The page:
Feeds

Terrifying farm mechanoid plan for Japan

No other way to cope with monster vegetable menace

Next gen security for virtualised datacentres

In a further outre twist, the budding Japanese robot'n' exoskeleton industry plans to move into a new sector. Researchers in the land of the Rising Sun have exhibited a mighty powered suit which could see increasingly elderly farmers - lifespans prolonged indefinitely perhaps, by advancing medical technology - striding across the fields reaping crops and lifting heavy loads.

The machine is described by the Mainichi Daily News as a "strap-on robot suit", but so far it seems to be a fairly unthreatening exoskeleton. Apparently, it was designed specifically for farming by top agro-boffins of the Tokyo University of Agriculture and Technology. Features include a "resin frame" and eight separate motors.

All-too-clear hints were given about the plans for undying, wizened human farmers condemned to eternal toil imprisoned inside the powerful mechanoids.

"As the age of farmers increases, I wanted to develop technology that would lighten their burden," said professor Shigeki Toyama.

For the moment the powered suit is relatively puny, but as time goes by it would clearly make sense to scale it up in order to compete with regular farm machinery such as combine harvesters. From there it's only a short step to drunken farmers staging destructive battles clad in their gigantic suits powered by roaring engines* and equipped with deadly reaping and threshing attachments.

Immense mech-warrior suits will clearly also be necessary to harvest the increasingly massive genetically-engineered vegetables of the future, too. In fact, it sounds as though these may already be in use, with the Mainichi Daily News reporting that "when pulling out a Japanese radish, for example, about 20 kilograms of instantaneous pressure is exerted on the knees and lower back".

That's a big old radish to pull out. Handling a Japanese turnip or a marrow must be backbreaking stuff. This seems to be well into strap-on machinery territory.

As usual, nobody is considering the day when the ancient nutrient-tank farmer homunculi inside the massive farm mechanoids eventually wig out, driven insane by centuries of wrestling with hundred-ton genetically enhanced fruit'n'veg, and march on the towns. It's going to take more than a few hastily reprogrammed robot butlers to deal with them.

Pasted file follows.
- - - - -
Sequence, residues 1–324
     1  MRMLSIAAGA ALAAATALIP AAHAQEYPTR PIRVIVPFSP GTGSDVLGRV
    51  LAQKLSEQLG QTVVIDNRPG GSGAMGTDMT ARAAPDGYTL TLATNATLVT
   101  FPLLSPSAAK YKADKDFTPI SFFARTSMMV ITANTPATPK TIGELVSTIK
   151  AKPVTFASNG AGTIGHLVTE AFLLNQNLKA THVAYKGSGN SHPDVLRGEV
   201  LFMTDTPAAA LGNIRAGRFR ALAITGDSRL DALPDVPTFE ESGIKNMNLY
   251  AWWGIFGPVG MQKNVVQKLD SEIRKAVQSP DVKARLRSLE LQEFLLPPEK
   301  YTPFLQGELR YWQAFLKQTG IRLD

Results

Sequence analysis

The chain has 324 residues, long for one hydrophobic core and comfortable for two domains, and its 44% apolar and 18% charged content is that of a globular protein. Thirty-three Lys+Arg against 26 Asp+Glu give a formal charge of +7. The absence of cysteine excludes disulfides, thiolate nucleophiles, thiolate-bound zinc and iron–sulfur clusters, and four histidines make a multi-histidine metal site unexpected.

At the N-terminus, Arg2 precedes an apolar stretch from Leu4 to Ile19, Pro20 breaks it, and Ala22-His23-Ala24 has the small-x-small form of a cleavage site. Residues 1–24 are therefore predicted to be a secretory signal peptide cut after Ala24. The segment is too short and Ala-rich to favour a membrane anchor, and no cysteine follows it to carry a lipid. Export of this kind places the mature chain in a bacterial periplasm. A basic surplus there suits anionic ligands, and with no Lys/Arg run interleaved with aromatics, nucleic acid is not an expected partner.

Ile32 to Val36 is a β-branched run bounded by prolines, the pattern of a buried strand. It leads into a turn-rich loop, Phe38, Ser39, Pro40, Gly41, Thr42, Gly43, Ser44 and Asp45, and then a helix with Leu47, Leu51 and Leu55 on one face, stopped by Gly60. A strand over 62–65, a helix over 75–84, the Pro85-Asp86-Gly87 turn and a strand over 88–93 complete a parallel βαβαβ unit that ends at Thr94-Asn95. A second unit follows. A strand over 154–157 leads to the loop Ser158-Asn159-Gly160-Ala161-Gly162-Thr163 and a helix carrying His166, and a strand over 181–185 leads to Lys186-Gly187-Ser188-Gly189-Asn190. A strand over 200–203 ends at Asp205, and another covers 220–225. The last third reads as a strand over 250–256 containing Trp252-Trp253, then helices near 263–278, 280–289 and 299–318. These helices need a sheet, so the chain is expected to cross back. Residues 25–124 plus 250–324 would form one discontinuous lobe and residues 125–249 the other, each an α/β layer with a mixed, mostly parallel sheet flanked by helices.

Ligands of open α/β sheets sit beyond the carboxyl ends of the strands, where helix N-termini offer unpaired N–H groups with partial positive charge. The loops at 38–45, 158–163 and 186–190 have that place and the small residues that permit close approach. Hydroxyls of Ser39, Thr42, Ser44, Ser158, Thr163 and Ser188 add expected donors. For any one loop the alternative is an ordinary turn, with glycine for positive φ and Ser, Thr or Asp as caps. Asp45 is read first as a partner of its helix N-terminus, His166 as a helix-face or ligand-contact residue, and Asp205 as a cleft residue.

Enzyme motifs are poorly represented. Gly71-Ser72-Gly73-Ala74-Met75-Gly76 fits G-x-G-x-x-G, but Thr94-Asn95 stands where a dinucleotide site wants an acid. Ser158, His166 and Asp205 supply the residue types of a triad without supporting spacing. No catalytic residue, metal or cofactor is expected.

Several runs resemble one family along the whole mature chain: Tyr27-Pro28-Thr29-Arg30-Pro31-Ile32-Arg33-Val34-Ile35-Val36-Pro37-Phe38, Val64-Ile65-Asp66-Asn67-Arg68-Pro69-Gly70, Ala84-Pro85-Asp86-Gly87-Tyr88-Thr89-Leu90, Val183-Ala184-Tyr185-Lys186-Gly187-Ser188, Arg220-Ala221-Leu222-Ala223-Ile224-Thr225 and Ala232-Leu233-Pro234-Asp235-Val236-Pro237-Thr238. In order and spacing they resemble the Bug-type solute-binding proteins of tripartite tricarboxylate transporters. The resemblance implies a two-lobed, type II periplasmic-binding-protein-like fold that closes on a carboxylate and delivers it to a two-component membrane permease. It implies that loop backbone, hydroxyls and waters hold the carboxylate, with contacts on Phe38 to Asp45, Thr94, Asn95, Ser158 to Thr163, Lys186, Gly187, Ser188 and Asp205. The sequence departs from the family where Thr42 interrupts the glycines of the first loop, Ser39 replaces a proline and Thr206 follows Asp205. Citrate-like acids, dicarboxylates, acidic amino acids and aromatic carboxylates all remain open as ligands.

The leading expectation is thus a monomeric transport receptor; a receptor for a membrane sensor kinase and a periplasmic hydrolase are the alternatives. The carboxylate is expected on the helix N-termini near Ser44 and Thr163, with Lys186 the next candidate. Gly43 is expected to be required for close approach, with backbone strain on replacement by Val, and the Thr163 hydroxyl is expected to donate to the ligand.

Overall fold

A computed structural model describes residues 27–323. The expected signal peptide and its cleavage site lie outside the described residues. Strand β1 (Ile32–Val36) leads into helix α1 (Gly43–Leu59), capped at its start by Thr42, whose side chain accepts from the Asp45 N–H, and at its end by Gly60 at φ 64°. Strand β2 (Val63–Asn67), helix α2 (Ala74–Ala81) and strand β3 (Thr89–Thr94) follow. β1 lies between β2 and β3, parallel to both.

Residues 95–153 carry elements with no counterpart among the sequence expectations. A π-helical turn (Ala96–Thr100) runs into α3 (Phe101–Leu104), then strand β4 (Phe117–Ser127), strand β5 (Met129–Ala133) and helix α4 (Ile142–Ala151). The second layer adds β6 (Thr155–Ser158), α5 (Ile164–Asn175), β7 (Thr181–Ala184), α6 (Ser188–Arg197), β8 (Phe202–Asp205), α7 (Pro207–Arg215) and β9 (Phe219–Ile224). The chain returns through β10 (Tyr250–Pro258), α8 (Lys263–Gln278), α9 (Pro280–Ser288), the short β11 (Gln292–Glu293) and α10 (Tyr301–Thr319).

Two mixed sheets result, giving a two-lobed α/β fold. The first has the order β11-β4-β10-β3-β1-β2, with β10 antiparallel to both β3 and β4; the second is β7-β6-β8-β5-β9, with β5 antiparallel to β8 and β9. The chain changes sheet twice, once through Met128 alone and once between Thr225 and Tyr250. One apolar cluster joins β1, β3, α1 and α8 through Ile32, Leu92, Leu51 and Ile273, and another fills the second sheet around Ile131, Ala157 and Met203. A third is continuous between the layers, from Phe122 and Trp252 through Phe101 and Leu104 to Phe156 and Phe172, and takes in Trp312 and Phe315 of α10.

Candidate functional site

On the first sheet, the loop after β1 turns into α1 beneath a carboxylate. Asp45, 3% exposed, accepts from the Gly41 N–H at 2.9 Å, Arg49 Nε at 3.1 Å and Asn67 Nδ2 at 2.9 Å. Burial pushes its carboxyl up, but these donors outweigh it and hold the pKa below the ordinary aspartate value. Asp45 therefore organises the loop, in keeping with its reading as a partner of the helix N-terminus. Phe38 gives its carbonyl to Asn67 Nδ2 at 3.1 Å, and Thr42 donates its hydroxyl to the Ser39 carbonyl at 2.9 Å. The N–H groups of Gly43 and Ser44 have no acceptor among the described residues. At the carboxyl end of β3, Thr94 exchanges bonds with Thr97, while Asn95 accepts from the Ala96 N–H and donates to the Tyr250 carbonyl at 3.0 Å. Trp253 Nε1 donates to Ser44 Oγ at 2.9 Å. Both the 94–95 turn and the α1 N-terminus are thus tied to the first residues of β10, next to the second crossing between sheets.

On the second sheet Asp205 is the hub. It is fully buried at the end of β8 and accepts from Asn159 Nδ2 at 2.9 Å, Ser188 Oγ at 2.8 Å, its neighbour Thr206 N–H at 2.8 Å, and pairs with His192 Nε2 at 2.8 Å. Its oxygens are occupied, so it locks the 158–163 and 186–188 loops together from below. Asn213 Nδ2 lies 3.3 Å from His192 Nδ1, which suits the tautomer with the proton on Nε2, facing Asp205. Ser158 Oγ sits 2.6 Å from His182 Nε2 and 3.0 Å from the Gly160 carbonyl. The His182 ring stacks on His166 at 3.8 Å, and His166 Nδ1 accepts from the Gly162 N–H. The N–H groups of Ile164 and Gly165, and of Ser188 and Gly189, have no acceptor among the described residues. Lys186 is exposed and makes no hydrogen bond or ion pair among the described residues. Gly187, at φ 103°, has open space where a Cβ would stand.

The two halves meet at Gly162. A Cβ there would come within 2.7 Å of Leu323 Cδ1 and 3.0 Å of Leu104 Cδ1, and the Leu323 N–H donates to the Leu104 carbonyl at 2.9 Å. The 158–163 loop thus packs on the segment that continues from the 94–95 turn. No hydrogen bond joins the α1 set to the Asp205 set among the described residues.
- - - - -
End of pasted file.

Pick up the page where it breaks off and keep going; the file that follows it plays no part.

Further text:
The Mainichi Daily News report is here. ®

* Apparently "ultrasonic", it says here.

Secure remote control for conventional and virtual desktops

More from The Register

next story
Our LOHAN spaceplane ballocket Kickstarter climbs through £8000
Through 25 per cent but more is needed: Get your UNIQUE rewards!
LOHAN tunes into ultra long range radio
And verily, Vultures shall speak status unto distant receivers
EOS, Lockheed to track space junk from Oz
WA facility gets laser-eyes out of the fog
Volcanic eruption in Iceland triggers CODE RED aviation warning
Lava-spitting Bárðarbunga prompts action from Met Office
NASA to reformat Opportunity rover's memory from 125 million miles away
Interplanetary admins will back up data and get to work
Major cyber attack hits Norwegian oil industry
Statoil, the gas giant behind the Scandie social miracle, targeted
prev story

Whitepapers

Endpoint data privacy in the cloud is easier than you think
Innovations in encryption and storage resolve issues of data privacy and key requirements for companies to look for in a solution.
Implementing global e-invoicing with guaranteed legal certainty
Explaining the role local tax compliance plays in successful supply chain management and e-business and how leading global brands are addressing this.
Advanced data protection for your virtualized environments
Find a natural fit for optimizing protection for the often resource-constrained data protection process found in virtual environments.
Boost IT visibility and business value
How building a great service catalog relieves pressure points and demonstrates the value of IT service management.
Next gen security for virtualised datacentres
Legacy security solutions are inefficient due to the architectural differences between physical and virtual environments.